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Survey: Chronically Ill Fare Poorly in U.S.

If anyone still wonders why health care reform is a top priority for many in Washington, the most recent Commonwealth Fund survey comparing the experiences of patients in the U.S. with those in other leading industrialized nations should be especially illuminating. The study, published in Health Affairs, asked chronically ill adults about the health care they received in the past two years, and found that those in the U.S. are by far the most likely to forgo care because of cost, and are the most likely to experience medical errors, care coordination problems, and high out-of-pocket costs.

According to the survey, which also included Australia, Canada, France, Germany, the Netherlands, New Zealand, and the United Kingdom, more than half (54%) of chronically ill patients in the U.S. did not get recommended care, did not fill prescriptions, or did not see a doctor when they were sick because of the cost, compared with 7 percent to 36 percent in the other countries. About one-third of U.S. patients—again, the highest proportion among the eight countries—experienced medical, medication, or lab/diagnostic test errors, with a similar share encountering poorly coordinated care, including duplication of tests or medical records that were unavailable at the time of an appointment.

Meanwhile, 41 percent of U.S. patients spent more than $1,000 in the past year on out-of-pocket medical costs, compared with just 4 percent in the U.K. and 8 percent in the Netherlands.

"The study highlights major problems in our broken health care system and the need to make major changes," said Commonwealth Fund Senior Vice President Cathy Schoen, lead author of the Health Affairs article. "Patients are telling us about inefficient, unsafe, and often wasteful care. Moreover, a lack of access as well as poor coordination of care is putting chronically ill patients at even higher health risk."

How Chronically Ill in U.S. Fare Compared with Other Nations

Percent of adults with any chronic condition who in past two years reported:AUSCANFRGERNETHNZUKUS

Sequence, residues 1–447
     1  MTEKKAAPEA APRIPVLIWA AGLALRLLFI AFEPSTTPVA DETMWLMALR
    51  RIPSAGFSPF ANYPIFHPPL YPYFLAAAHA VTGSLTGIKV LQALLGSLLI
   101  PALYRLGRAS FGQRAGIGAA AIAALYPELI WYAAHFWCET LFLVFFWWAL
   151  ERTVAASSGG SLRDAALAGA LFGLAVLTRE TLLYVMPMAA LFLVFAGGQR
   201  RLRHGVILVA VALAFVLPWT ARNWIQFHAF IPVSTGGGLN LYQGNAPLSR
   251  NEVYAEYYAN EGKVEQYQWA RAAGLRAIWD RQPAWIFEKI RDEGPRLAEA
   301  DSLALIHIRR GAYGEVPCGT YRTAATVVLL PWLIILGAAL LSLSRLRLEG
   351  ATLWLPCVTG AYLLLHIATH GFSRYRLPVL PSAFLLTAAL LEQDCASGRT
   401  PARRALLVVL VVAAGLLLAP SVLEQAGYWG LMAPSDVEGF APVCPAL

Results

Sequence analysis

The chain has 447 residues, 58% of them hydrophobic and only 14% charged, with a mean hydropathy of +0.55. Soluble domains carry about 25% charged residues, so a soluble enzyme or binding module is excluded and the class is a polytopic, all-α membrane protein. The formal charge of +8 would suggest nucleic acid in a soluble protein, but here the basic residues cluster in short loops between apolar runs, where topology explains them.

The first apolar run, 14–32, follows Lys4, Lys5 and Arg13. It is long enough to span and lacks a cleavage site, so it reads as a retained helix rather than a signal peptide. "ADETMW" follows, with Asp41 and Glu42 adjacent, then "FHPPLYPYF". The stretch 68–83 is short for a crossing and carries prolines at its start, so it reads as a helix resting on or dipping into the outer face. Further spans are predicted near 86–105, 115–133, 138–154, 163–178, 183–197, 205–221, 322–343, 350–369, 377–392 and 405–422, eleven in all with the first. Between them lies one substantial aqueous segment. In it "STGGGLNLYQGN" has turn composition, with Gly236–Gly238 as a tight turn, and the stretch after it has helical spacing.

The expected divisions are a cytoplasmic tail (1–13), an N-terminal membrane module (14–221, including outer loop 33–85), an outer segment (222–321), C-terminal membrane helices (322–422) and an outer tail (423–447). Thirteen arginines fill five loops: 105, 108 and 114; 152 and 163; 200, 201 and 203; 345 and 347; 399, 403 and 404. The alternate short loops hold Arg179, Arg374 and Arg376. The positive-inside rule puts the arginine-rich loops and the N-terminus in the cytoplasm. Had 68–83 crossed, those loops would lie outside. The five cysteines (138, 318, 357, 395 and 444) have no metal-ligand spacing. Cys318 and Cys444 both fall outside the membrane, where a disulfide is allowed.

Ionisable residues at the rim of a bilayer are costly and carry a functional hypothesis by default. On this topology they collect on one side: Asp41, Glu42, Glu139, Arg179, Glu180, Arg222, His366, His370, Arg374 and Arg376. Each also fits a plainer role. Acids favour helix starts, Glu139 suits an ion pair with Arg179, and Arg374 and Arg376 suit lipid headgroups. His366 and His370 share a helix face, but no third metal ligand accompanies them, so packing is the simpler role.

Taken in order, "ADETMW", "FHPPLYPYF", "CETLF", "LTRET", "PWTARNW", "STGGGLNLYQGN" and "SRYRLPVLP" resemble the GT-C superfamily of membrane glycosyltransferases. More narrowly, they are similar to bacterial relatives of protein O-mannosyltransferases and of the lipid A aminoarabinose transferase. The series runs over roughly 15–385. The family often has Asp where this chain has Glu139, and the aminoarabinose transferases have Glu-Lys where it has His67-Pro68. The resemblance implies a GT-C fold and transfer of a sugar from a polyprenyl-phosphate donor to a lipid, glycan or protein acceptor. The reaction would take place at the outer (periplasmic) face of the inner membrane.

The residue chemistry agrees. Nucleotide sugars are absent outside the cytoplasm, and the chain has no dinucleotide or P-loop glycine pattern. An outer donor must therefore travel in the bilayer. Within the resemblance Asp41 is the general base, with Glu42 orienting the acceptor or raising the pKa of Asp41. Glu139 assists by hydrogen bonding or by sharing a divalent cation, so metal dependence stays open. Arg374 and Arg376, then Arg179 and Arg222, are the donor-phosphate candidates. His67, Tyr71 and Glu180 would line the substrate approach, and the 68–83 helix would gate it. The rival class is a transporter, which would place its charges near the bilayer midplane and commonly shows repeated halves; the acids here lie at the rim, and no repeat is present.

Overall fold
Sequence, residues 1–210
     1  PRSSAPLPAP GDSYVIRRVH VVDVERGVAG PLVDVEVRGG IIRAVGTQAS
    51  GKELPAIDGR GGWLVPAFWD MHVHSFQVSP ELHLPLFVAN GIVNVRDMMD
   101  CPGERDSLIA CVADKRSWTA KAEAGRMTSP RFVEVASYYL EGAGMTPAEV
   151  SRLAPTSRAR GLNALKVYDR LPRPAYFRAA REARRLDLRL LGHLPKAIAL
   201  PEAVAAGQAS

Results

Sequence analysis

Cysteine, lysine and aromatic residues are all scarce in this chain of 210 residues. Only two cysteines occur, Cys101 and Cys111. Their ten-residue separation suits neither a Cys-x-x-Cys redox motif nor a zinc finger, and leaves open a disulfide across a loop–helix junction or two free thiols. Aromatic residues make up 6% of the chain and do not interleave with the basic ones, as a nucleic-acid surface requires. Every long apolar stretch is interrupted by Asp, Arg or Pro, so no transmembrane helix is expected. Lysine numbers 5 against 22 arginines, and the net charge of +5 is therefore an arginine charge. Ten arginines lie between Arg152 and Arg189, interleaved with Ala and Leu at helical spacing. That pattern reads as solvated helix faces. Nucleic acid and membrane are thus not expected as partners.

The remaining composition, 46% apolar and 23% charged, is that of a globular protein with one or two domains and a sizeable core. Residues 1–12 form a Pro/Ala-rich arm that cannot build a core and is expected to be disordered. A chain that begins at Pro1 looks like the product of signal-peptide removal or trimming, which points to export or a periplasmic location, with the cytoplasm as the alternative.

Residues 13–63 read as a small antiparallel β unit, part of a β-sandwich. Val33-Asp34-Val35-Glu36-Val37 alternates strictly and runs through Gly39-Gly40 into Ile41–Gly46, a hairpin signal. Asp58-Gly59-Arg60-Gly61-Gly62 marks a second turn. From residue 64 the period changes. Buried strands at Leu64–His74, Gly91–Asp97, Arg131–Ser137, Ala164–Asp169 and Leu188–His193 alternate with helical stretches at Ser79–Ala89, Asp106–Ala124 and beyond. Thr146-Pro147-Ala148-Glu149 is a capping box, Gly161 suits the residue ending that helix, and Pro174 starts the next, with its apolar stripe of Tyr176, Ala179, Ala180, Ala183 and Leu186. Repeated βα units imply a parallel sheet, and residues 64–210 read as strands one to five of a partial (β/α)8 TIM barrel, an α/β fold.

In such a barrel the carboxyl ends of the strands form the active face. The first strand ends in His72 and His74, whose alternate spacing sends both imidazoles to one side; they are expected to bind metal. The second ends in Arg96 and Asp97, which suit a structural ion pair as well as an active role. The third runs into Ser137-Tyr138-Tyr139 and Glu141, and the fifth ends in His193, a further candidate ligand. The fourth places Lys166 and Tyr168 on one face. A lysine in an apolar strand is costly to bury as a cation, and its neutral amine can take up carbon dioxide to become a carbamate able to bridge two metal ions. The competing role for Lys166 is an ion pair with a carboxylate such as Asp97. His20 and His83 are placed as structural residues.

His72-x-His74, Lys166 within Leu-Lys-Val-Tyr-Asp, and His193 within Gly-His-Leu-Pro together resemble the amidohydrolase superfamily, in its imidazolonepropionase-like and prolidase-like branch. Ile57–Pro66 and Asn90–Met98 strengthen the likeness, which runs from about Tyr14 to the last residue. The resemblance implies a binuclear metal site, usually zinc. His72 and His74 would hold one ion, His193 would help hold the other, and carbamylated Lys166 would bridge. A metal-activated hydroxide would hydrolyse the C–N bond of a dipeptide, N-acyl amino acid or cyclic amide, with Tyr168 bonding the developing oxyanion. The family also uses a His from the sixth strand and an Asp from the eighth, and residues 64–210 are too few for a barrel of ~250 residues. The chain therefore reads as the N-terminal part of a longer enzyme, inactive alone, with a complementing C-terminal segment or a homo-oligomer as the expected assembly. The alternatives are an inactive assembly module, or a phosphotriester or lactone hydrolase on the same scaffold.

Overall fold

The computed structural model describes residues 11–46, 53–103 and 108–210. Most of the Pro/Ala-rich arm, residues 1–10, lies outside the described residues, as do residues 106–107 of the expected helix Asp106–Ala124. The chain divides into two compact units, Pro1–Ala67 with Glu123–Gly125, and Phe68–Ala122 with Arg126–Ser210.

Access problem because of cost*362523267311354
Coordination problem**2325222614212034
Medical, medication, or lab error***2929181917252034

*Because of cost, respondent did NOT: fill Rx or skipped doses, visit a doctor when had a medical problem, and/or get recommended test, treatment, or follow-up.
**Test results/records not available at time of appointment and/or doctors ordered test that had already been done.
***Wrong medication or dose, medical mistake in treatment, incorrectr diagnostic/lab test results, and/or delays in abnormal test results.

Source: 2008 Commonwealth fund International Health Policy Survey of Sicker Adults.

IMPORTED: www_commonwealthfund_org__usr_img_digest_1stmain_image1.gif

In addition to cost-related barriers to health care, chronically ill patients in the U.S. often experienced long waits to see primary care physicians and had difficulty getting care after regular office hours. Many turned to hospital emergency rooms for their care. In fact, 59 percent of U.S. patients responding to the survey said they had visited an emergency room in the past two years. Only Canadian patients reported a higher rate of ER use (64%).

Not surprisingly, U.S. respondents were significantly more likely to call for fundamental change in the health care system, with one-third saying the nation's health system needs to be rebuilt completely.

In the study, more than half of patients had two or more chronic conditions. The authors note that such "patients account for a disproportionate share of national spending, placing them at the center of efforts to improve health system performance."

"The U.S. is not only facing an economic crisis, we are facing a health system crisis," said Commonwealth Fund president Karen Davis. "Our leaders need to come together to develop reforms which will make lasting improvements for patients, to assure universal coverage and high- quality, efficient care. With the U.S. outspending all other countries, we can't afford not to reform our health care system to secure a healthier future."

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